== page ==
OPM finalizes hiring preferences for military spouses

The Office of Personnel Management has finalized a rule allowing federal agencies to hire the spouses of some military service members without requiring them to compete for jobs.

"The intended effect of this rule is to facilitate the entry of military spouses into the federal civil service as part of an effort to recruit and retain skilled and experienced members of the armed forces and to recognize and honor the service of members injured, disabled, or killed in connection with their service," OPM director John Berry wrote in notes on the regulation, published in the Federal Register on Wednesday.

The rule allows agencies to appoint the husbands or wives of members of the armed forces to jobs without comparing them to other candidates under three conditions: if a service member is transferred to a new location permanently, becomes completely disabled during active duty (though the injuries do not have to result from combat), or dies during an active-duty assignment. If the spouse is killed during service, the widow or widower must remain unmarried before receiving an appointment.


President Bush proposed the idea of a special hiring authority for military spouses in his 2008 State of the Union address. He issued an executive order creating the authority last September, and OPM began work on the regulation in December.

Shortly after he was sworn in, President Obama ordered a review of all Bush-era regulations that had not yet been implemented. OPM has decided not to move forward with certain regulations, like one that would have eliminated a requirement that federal employees serve a year in certain pay grades before they became eligible for promotions. But Berry has said one of his priorities is to guarantee and strengthen protections for veterans in the hiring process.

Defense Department spokesman Lt. Col. Les Melnyk said a large number of military spouses could be eligible for appointments under the hiring authority. About half of all service members are married, he said, and about a third of active-duty members are transferred every year. (Some, he noted, are posted to locations, such as South Korea, where their families typically do not move with them.)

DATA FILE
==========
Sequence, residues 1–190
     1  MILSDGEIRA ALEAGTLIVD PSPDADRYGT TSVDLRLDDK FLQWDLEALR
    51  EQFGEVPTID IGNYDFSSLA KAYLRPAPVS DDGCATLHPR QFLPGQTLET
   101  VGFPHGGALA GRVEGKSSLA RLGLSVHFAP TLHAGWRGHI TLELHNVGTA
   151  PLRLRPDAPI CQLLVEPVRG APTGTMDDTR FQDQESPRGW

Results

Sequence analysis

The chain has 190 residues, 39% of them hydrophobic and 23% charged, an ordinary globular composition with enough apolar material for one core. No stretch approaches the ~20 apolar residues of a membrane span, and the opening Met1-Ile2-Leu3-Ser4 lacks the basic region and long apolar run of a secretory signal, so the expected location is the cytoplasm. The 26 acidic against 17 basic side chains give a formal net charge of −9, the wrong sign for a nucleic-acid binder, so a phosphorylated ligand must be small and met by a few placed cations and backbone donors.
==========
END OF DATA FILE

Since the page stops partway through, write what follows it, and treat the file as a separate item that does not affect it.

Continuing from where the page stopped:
"The majority of [military spouses] do want to have a meaningful job," Melnyk said. "This is another way to help our spouses achieve that goal," and as a result, to improve service members' satisfaction with their military experience.

Randy Erwin, legislative director for the National Federation of Federal Employees, said the union did not have a position on the rule. But Max Stier, president of the nonprofit Partnership for Public Service, praised the regulation.

"When you think of the family stresses that military service creates, the idea that we might be able to use civilian employment to make service easier seems to me to be a smart one," he said. "I think we also have to recognize that we have to make sure it's not sufficient to create these authorities, we have to make sure agencies really understand that they are there and are encouraged to use them."

Michael Mahoney, head of OPM's staffing group, said agencies would receive training and guidance on implementing the new hiring authority, and expected they would be ready to begin using it by the time the regulation becomes effective.

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